For more information please see the full programme and poster attached to this email, or follow this link:
http://www.sussex.ac.uk/clhlwr/research/conferences/publicandpersonalarchives

With best wishes,
Alexandra

Alexandra Loske
Department of Art History
http://www.sussex.ac.uk/profiles/107019
and Centre for Life History and Life Writing Research http://www.sussex.ac.uk/clhlwr/ University of Sussex Falmer Brighton BN1 9SH UK Tel : +44 (0)1273 476065

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7. A short course for the creative, at the Mass Observation Archive this Spring. March/April. Brighton

Booking open now.

An Anthropology of Ourselves:

Exploring Mass Observation for Creative Projects

Tutor: Dr Sam Carroll
Venue: The Keep
Dates: 21st March, 28th March, 4th April and 11th April 2014
Four day schools on Fridays, 10am to 4pm

Cost: £95/£45 Unwaged or Student

Discover the unique Mass Observation (MO) Archive and its inspirational value both for creative arts and community projects, in the beautiful bespoke setting of The Keep archive. This course will suit writers, photographers, dramatists and anyone with an interest in setting up a creative community enterprise that engages with life history.

To book a place visit here:

http://www.massobs.org.uk/events.htm

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8.  National Seminar on Women's Autobiography in India: Theory and Practice, 29-30 March 2014, India

full name / name of organization:
KAKATIYA UNIVERSITY, WARANGAL, SOUTH INDIA

contact email:
kpku61@gmail.com

Department of English
KAKATIYA UNIVERSITY
Warangal, India-506 009

Call for Papers

UGC Sponsored
Two-Day National Seminar on
Women’s Autobiography in India: Theory and Practice

March 29-30, 2014

Women’s life narratives/histories, a generic term for women’s autobiographies, memoirs and testimonios, hagiographies has emerged as a genre, consequent to the postmodernist thrust on liberation discourse. Though these narratives blur genre boundaries, they depict the ‘I’ with a focus on the individual—notion of a private self—revealing a split between public and private self-representations. Violating the parameters of the canonical autobiography, they create testimonios of gender, caste, class and religion, and provide an alternative source of history. The works narrate the self vis-à-vis family, society and politics bearing witness to gendered subordination. Narrated in the first person, and the narrator being a protagonist or witness of the events recounted, the unity of the narration could be a significant personal experience. Primarily aimed at communicating the subordinated predicament, oppression, suppression and struggle for emancipation, these writings claim the agency, expecting the reader to respond and judge her predicament. Based on memory, experience and identity, women narrators reproduce the cultural modes of self narrating, simultaneously critiquing the status quo.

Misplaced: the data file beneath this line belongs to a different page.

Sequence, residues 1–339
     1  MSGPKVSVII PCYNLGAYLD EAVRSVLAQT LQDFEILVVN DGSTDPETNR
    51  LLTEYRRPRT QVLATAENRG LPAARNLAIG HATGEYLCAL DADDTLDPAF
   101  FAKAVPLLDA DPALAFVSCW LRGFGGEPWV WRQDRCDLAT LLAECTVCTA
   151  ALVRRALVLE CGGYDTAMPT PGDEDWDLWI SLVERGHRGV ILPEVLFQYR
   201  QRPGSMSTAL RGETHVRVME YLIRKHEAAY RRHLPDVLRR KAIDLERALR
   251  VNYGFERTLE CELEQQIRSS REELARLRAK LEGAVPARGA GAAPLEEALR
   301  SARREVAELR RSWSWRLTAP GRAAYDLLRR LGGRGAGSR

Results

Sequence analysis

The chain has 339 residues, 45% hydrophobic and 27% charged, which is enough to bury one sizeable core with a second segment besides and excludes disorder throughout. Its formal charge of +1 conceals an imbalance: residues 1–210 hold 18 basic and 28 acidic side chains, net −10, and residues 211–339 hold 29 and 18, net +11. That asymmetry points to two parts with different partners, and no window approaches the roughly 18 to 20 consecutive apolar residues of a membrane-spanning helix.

Life narratives generate new possibilities of being read. Whichever be the genre, women’s life narratives seek affirmation in the correcting mode. By bringing the personal life into public, women’s narratives challenge and articulate gender concerns vis-a-vis caste and religion. Therefore, they cannot be reduced to ‘narrations of pain and sorrow’ or ‘memories of a hateful life’ but go beyond these. They also have a bearing on research and pedagogy in that, the historical narrators of experience are a means of introducing counter views on gender. Life narratives perform the roles of projecting women’s triumphs and inducing guilt in the minds of oppressors by recounting how they were wronged. Reading woman’s life narratives without a political ideology stands the risk of making a spectacle of women’s suffering and pain. The narrations bring new insights into male dominant academic institutions, assuming importance in the construction of curriculum. The proposed seminar provides a platform for discussion of women’s life narratives to explore links between the historical devaluation of women, their writing practices, exclusion of their writing from the canon of traditional autobiographies, cultural biases in defining the selfhood, revising the prevailing concept of autobiography and other perspectives that the paper presenters can think of. Interested scholars may send in abstracts in 500 words in MS Word format.

Papers can focus on the following or any other research questions/issues: